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US President Joe Biden said Israel “has not done enough” to protect aid workers and civilians in Gaza and blamed it for making it difficult to distribute humanitarian aid after the death of seven workers in an Israeli strike.

In a lengthy statement on Tuesday night, Biden did not signal any shift in US policy but was repeatedly critical of Israel. He said he was “outraged and heartbroken” by the deaths of workers from World Central Kitchen, an aid group founded by Spanish-born, Washington-based chef José Andrés.

Biden said what happened to WCK this week was not a “standalone incident”, as the war in Gaza “has been one of the worst in recent memory” in terms of the killing of aid workers.

“Israel has not done enough to protect aid workers trying to deliver desperately needed help to civilians. Incidents like yesterday’s simply should not happen,” Biden said.

“Israel has also not done enough to protect civilians. The United States has repeatedly urged Israel to deconflict their military operations against Hamas with humanitarian operations, in order to avoid civilian casualties,” he added.

Biden’s comments reflect the tension in the US-Israeli relationship that has been building for months. Washington continues to stand by its ally, including with military aid, but has grown frustrated with Prime Minister Benjamin Netanyahu for not heeding its calls to minimise civilian casualties and accept a two-state solution with Palestinians in the region.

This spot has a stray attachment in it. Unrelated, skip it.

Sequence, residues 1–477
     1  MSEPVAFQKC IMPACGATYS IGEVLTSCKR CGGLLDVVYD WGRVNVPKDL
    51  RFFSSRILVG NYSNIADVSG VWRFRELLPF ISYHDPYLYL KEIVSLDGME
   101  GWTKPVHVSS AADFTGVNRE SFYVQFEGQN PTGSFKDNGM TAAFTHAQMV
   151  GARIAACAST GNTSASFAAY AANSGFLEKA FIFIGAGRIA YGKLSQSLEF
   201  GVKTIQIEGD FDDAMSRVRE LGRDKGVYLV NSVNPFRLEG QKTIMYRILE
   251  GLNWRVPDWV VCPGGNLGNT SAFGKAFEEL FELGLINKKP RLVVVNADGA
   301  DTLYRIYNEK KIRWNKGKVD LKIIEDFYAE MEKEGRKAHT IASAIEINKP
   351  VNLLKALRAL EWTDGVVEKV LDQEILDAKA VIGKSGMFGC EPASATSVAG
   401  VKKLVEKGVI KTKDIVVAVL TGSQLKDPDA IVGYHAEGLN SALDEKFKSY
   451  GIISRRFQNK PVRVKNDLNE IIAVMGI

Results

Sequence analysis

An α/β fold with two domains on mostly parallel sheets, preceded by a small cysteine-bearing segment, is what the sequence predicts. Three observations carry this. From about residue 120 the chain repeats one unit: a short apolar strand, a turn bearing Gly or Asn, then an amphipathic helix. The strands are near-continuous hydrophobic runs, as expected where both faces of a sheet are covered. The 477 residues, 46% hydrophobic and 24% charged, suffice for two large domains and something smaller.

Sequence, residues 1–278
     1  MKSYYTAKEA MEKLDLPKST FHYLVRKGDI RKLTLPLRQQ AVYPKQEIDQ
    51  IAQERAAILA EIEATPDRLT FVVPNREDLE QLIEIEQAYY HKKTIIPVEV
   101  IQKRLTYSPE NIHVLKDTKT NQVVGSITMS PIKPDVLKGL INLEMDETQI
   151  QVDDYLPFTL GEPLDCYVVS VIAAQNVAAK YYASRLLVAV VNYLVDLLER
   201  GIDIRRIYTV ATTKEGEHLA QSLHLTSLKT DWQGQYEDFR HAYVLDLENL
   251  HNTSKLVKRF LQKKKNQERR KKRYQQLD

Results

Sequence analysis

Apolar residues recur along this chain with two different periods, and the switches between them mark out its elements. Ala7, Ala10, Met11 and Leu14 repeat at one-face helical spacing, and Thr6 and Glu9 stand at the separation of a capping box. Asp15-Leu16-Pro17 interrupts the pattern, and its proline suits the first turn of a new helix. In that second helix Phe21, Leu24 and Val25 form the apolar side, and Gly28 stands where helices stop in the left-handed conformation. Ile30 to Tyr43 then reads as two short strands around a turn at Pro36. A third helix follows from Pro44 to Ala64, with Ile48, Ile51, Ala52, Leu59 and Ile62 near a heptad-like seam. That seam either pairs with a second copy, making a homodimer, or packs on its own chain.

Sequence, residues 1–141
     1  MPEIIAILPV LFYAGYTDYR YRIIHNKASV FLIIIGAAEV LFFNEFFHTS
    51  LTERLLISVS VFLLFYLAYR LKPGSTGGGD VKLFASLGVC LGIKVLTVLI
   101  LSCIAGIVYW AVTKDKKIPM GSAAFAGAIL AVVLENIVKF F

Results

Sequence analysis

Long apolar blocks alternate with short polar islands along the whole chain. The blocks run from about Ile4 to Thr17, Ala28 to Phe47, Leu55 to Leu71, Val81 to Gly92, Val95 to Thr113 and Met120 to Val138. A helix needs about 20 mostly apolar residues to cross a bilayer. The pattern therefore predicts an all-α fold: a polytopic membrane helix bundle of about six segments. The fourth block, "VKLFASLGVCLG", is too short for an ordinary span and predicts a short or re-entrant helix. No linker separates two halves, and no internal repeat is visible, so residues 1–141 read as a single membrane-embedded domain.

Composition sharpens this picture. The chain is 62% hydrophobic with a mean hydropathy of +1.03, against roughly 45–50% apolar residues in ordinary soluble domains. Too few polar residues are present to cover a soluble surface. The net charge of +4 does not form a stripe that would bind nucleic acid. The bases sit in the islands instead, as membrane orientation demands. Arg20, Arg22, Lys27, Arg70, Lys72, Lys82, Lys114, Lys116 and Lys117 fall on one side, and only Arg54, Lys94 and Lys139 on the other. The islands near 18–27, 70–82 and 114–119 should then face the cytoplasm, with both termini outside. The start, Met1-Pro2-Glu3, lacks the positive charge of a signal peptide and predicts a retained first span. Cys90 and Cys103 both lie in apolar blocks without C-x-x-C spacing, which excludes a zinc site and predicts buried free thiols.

Earlier in the day, Netanyahu had admitted to “a tragic incident in the last 24 hours in which our forces unintentionally hit innocent people in the Gaza Strip”. He said that “it happens in wartime . . . We will do everything we can to ensure this isn’t repeated.” Israel has also launched a probe of the incident.

Biden has said the investigation “must be swift, it must bring accountability, and its findings must be made public”.

The US president has been facing growing domestic and international pressure to take a tougher approach towards Netanyahu that might lead Israel to scale down or even stop its military operations in Gaza. But Washington is still baulking at imposing any conditions on the delivery of aid to Israel, and insists that based on the US state department’s assessment, the Jewish state has not violated international humanitarian law in its approach to the war.

WCK said the seven people killed on Monday night included Australian, Polish, UK and Palestinian staff members, as well as a dual US-Canadian citizen. It added that it was “immediately” pausing its operations in the region, where aid groups have warned of the risk of imminent famine.

Biden called Andres on Tuesday to express his sorrow over the killing of the WCK workers.

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